Tuesday, 17 November 2009

Pompeii dogs seek families

From Ansa.it:

Pompeii dogs seek families
New care scheme to protect strays and site

Pompeii, November 16 - The world-famous archaeological site of Pompeii is seeking adoptive parents from around the globe for its community of stray dogs, as part of a drive to improve the lives of animals living there. Strays have lived on the site for decades, scavenging for food, posing a health risk to visitors and undermining the site, Pompeii's emergency commissioner Marcello Fiori said on Monday. ''This is a legal initiative but also one of kindness,'' he explained, unveiling the project at the House of the Tragic Poet, home to the renowned ''Cave Canem'' mosaic. ''Stray dogs have given Pompeii a bad image. They will not be eliminated but should be taken care of. ''But they cannot remain at the site forever. Our aim is to find them a family''.

A website will eventually be launched by the name of www.canidipompei.com (''dogs of Pompeii'') but the first phase of the initiative is already under way.

Volunteers from three of Italy's leading animal charities, anti-vivisection league LAV, the National Animal Protection Authority and the National Dog Protection League, have been fitting the animals with microchips, collars and name tags.

In the next phase, the animals will be treated for any illnesses and then sterilized. Special animal welfare offices have already been set up around the ancient site, staffed by volunteers and providing food and warm shelter.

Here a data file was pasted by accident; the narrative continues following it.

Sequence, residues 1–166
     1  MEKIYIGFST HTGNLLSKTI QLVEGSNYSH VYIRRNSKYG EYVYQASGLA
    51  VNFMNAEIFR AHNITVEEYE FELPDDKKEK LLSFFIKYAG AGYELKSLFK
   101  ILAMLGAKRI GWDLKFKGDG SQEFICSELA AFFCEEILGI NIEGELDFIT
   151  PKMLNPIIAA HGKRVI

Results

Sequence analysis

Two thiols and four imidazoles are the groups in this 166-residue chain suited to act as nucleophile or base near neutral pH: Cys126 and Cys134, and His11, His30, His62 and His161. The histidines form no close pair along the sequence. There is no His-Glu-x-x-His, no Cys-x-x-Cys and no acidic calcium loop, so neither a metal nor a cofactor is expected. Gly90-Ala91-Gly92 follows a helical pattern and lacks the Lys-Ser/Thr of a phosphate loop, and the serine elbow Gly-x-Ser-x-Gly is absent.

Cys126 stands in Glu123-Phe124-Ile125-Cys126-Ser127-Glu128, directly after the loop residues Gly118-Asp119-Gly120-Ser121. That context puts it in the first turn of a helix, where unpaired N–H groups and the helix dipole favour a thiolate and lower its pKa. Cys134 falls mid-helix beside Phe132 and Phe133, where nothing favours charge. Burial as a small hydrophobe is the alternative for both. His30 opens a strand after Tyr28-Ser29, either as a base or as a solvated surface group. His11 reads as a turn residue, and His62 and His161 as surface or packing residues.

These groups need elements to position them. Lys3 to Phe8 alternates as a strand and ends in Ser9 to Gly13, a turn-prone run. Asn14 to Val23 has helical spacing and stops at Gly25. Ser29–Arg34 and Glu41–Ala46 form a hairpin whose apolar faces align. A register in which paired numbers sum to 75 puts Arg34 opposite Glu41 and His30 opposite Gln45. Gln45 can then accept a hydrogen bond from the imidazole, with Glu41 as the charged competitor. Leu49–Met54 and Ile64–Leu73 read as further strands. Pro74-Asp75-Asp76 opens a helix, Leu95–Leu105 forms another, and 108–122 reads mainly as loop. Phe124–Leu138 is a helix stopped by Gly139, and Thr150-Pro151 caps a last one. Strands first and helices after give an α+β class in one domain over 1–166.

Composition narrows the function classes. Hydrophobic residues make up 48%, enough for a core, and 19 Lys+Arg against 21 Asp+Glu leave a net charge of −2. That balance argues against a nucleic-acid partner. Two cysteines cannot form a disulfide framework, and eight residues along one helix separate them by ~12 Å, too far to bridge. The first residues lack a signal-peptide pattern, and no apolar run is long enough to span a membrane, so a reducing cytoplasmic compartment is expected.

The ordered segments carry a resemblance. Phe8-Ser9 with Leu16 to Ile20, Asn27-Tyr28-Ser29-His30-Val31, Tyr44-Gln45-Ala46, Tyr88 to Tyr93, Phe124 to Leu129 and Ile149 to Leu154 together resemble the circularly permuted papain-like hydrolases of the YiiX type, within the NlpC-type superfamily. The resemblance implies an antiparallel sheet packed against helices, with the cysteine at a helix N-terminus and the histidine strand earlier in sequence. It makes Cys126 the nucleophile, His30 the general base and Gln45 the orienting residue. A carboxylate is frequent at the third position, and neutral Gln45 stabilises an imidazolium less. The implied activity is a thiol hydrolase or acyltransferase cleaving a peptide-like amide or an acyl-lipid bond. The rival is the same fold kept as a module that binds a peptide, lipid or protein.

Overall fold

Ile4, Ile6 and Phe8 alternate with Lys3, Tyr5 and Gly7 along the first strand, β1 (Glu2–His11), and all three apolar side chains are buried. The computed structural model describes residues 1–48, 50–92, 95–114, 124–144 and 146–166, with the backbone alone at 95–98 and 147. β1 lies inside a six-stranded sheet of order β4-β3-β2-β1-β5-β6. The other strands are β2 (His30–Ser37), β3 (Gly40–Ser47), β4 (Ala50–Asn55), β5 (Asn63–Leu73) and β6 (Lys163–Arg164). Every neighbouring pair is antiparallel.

Italian Culture Undersecretary Francesco Giro, who attended the presentation, expressed his satisfaction at the plan, saying ''action to deal with the stray dogs has been needed for years''. He also praised developments at Pompeii under the site's ''emergency commissioner'', saying more work had been done ''in the last 15 months than in the whole of the previous years''. The role was created in July 2008 when the government declared a yearlong official state of emergency for Pompeii, since extended, following a string of press reports highlighting the rundown condition of the site. The first emergency commissioner, Renato Profili, held the post until January of this year, when he was replaced by Fiori. Giro said the government had invested over 30 million euros in 100 different projects designed to improve the site but said more was still needed. ''Overall, we have calculated 55 million euros is needed but I will do my best to ask for more funds,'' said the undersecretary.

He said the goal was to ensure surface digs became proper excavations and to increase the number of villas open to the public - currently just 40 of Pompeii's 150 homes. ''Our hope is to make Pompeii a living city, not just a museum,'' he said. Every year over two million people visit Pompeii, which was smothered in lava and ash by the 79 AD eruption of Mount Vesuvius.


Ethan Gruber said...

It's hard to imagine Pompeii without the dogs. They give it some charm.

Jackie and Bob at pompeiiinpictures said...

We agree with you Ethan. Many of the dogs feature in our pictures on pompeiiinpictures.com

We think they get a great deal of unnecessary bad publicity. A few years ago, being accompanied by a custodian with three adopted dogs of her own, we were photographing in a "closed" house on the Via Nola. On the floor was a mess covered in tissue, I politely said to my husband "mind the dog's mess"
The custodian replied "the dog's don't use paper". Enough said!

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